I look around the neighborhood at the eerie ghosts hanging from the trees, and I remember the time I, too, decorated the house in all its terrifying glory. The year was 2013 (of course it was), and I uncharacteristically decided to celebrate Halloween. I love decking the halls for Christmas, but like a lot of kids who went to parochial schools, I know scouring the streets for the perfect glaring witch is a little taboo. Yet, the year was 2013 after all, and I felt called to put my childish notions aside and invest in some smiling ghosts, a few cowboy skeletons, and some freakish bats for good measure. Competition incites me, and you should have seen the house across the street. I had to throw my contribution in the cauldron. The decorations would be friendly, respectable, and a little scary, just like me.
In the bed of our cypress tree, I stood in the middle of our front yard, reaching to the highest branch and securing the last friendly ghost. Suddenly, I felt something biting my foot. The process of making sure the ghost would not fall down took longer than I anticipated, and I continued to feel something biting me, but I thought, just one more second and I'll be done. I can do this.
And I did. The ghost hung confidently, smiling at me. And that's when I looked down and realized I had been standing in a fire ant hill.
At first I was in pain but amused. Wow, so many bites! Who knew they could attack with such speed and determination? Let me take a picture of this and send it to my family. How funny! And then I felt like the venom moved up my body, and I could hear my heartbeat in my ears. I started to feel excruciating pain in my belly, and I saw big red welts all over. The cramps felt like I was giving birth. Holding my cell phone, I lay down on the kitchen floor because the cold tile provided the most relief. I called my husband and told him to come right away. And then I realized that may not be soon enough. I looked up and saw my toddler waddling to the living room, like "this show is a little too much for me right now." I called 911 because I was afraid of passing out with a kid in the house. Soon, the paramedics were giving me oxygen and carrying me into an ambulance (another first). My husband took over child care, and I headed to a premier trauma center. As I tried to find a comfortable position on the hospital bed, a doctor explained he would need to monitor me for the next four hours. I thought, "Wow, that's the longest time I haven't been with my kids. Four hours to myself? What a blessing in disguise (moms with toddlers/babies, you can relate)." I took the medicine they gave me and just tried to breathe deeply. Man, I really shouldn't have decorated for Halloween. Those Baptists were right.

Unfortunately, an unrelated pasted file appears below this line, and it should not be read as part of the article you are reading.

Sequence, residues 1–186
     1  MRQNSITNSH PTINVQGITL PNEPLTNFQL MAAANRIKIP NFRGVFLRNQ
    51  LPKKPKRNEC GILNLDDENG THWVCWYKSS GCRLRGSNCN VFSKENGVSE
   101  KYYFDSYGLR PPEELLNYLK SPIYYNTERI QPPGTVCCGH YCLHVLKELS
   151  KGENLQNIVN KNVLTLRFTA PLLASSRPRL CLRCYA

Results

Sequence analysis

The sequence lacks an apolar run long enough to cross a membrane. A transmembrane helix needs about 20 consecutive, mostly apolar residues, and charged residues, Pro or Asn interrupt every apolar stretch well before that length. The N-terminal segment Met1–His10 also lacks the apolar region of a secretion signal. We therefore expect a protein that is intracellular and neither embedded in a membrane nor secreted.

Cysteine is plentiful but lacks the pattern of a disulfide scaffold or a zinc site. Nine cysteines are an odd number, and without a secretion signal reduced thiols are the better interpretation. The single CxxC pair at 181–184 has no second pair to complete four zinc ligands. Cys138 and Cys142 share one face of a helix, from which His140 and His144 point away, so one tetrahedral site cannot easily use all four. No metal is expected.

Of course I did decorate again, with more emphasis on the "friendly" ghosts. But I made sure not to stand in ant hills and if I felt pain, I respected my body enough to listen. Which I think was the point. I should have listened to my body instead of pushing through the pain.
Right now, I face the need to let go of something a lot heavier than a smiling ghost, and I am trying so hard to remember the lesson of 2013. I don't have to stand in ant hills. I can choose to take care of myself. I can feel pain and respond instead of buckling down and carrying on, disregarding the signals my body is clearly sending me.
But you know something scary? I don't want to.
I want to "finish the job." I want to keep standing in the ant hill because I'm committed to the process.
"Let go of the ghost, Elena." I hear my head
But my heart responds. "I don't want to. I can do this."
My head counters, "You don't have to do this. This is not good for you. This is hurting you."
"Letting go will hurt more. It will mean that I didn't do it. I didn't hang in there until the bitter painful end."
"So what? Do you want to stay sane and healthy? Let go."
That's where I am. I do not want to let go because I am attached to something even though it hurts me. I don't know how to let go.
Then deep in my heart I hear... Just drop the ghost. Take that leap of faith and let go. Let go with love.
Let go with love.
You see, usually it's a battle. It's my heart versus my mind, which is not a fair fight. I have a big heart. It's hard for my mind to keep up. But I know that in the end I will have to let go. I can help my heart by letting go with love. With so much gratitude. Without anger or vengeance. I will let go into God's hands, and let go with love and hope and peace.
I talk to my friends and family. They can help me drop the ghost. But listen, I am going to fight like hell to hang on. And then I will breath in, breathe out, and just drop it. Because this time, I don't want to go to the trauma center. I am for preventive medicine. I am for taking care of myself right now, "in this moment," so that I can be there for my kids. And so they can learn to let go when it's time, too.
Pray for me (and not just to stop decorating for Halloween). Pray for me to have the wisdom and strength to do what is right when I think, "One more bite ain't going to hurt." It is, and there is no reason for it. I just need to let go, and I don't want to. And that is really terrifying.
But I will let go,
once and for all and one moment at a time,
looking toward the future.